“This is the fifth year that Wolf Trap and The Phillips Collection have collaborated on Vocal Colors, a recital series that uses the thought-provoking works of The Phillips Collection as a springboard for a varied musical evening. Curated by musicians from the Wolf Trap Opera Company, the musical offerings cross genres and time periods, offering new aural perspectives on the respected visual works.”

This year, singers will be responding to works from Made in the USA. Hear from soprano Tracy Cox and tenor Robert Watson on June 19, and soprano Melinda Whittington and mezzo-soprano Carolyn Sproule on July 31.

On June 16 at 12 pm EST, Tracy Cox will lead our first-ever guest #breakforart Twitter chat! We’ll be discussing John Marin’s Pertaining to Fifth AvenueHave questions about her process or song selection? Leave them as comments here, or join us on Twitter @PhillipsMuseum to participate.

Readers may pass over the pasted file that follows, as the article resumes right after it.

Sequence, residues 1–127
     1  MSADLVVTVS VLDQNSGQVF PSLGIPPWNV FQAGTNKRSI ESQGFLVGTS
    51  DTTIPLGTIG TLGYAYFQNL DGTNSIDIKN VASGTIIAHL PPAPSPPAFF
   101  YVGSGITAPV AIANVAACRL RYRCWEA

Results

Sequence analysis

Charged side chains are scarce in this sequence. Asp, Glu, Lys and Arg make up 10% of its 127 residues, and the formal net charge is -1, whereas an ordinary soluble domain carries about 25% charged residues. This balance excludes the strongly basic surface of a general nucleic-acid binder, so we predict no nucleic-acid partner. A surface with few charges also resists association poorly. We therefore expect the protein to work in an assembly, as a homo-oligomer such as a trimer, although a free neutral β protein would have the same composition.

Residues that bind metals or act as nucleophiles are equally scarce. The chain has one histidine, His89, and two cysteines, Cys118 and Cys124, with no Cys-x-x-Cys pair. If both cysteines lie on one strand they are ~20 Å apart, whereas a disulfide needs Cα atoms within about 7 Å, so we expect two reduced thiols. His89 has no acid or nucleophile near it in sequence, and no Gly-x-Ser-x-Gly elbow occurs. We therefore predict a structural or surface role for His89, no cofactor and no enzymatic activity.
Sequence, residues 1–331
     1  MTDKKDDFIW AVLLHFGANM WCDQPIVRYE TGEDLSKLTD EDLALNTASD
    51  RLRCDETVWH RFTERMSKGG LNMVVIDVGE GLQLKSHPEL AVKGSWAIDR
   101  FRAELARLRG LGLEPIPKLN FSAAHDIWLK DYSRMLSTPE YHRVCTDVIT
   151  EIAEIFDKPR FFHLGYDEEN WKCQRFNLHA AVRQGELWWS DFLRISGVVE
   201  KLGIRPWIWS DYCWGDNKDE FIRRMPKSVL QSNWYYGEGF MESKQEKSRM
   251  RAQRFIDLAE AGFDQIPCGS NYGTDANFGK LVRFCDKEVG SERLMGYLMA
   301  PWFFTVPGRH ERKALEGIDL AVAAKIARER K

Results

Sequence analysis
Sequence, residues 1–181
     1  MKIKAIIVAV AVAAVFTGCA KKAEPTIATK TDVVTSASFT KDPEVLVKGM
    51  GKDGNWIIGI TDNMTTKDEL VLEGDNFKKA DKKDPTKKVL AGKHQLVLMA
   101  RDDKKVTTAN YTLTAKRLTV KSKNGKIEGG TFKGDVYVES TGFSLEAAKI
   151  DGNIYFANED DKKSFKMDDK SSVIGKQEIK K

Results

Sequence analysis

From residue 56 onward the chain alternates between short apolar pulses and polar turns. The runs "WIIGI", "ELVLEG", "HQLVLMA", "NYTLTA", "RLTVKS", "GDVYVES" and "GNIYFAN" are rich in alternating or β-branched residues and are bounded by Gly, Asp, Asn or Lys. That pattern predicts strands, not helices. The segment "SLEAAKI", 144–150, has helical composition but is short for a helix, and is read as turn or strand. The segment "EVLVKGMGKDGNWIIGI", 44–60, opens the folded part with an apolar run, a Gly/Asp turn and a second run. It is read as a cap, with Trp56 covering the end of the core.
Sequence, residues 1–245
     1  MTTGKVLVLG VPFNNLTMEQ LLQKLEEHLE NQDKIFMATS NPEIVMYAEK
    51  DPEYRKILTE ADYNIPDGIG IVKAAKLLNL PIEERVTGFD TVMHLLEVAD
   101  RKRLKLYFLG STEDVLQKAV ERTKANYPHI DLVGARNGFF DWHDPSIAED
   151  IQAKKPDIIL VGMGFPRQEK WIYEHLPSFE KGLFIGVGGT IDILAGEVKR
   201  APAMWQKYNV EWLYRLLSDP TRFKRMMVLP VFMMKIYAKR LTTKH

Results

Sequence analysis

Q&A with Pianist Boris Giltburg, Part 1

Today marks the birthday of one of Russia’s most celebrated composers, Sergei Prokofiev, born April 23, 1891. A brilliant composer whose life straddled a difficult cultural and political time in his native land, Prokofiev often had to tread a thin, precarious line between his private artistic life and his dual-life as a public figure in Soviet Russia. Like his fellow countryman and composer, Dmitri Shostakovich, Prokofiev was accused of atonality early on in his career, a charge against which he staunchly defended himself. Both composers were publicly admonished in 1948 with the Zhdanov decree which accused them of formalism; music that did not conform to the Soviet doctrine.

Fortunately Prokofiev’s legacy—his music—can now exist without the heavy drapery of its Soviet cultural significance. However, in works like the three ‘War’ Sonatas for piano, looking into the past can yield clues to the many facets and characters that form within these great works. The complexities are manifest, and navigating between fact and extra-musical fiction is a difficult process that one should approach with trepidation.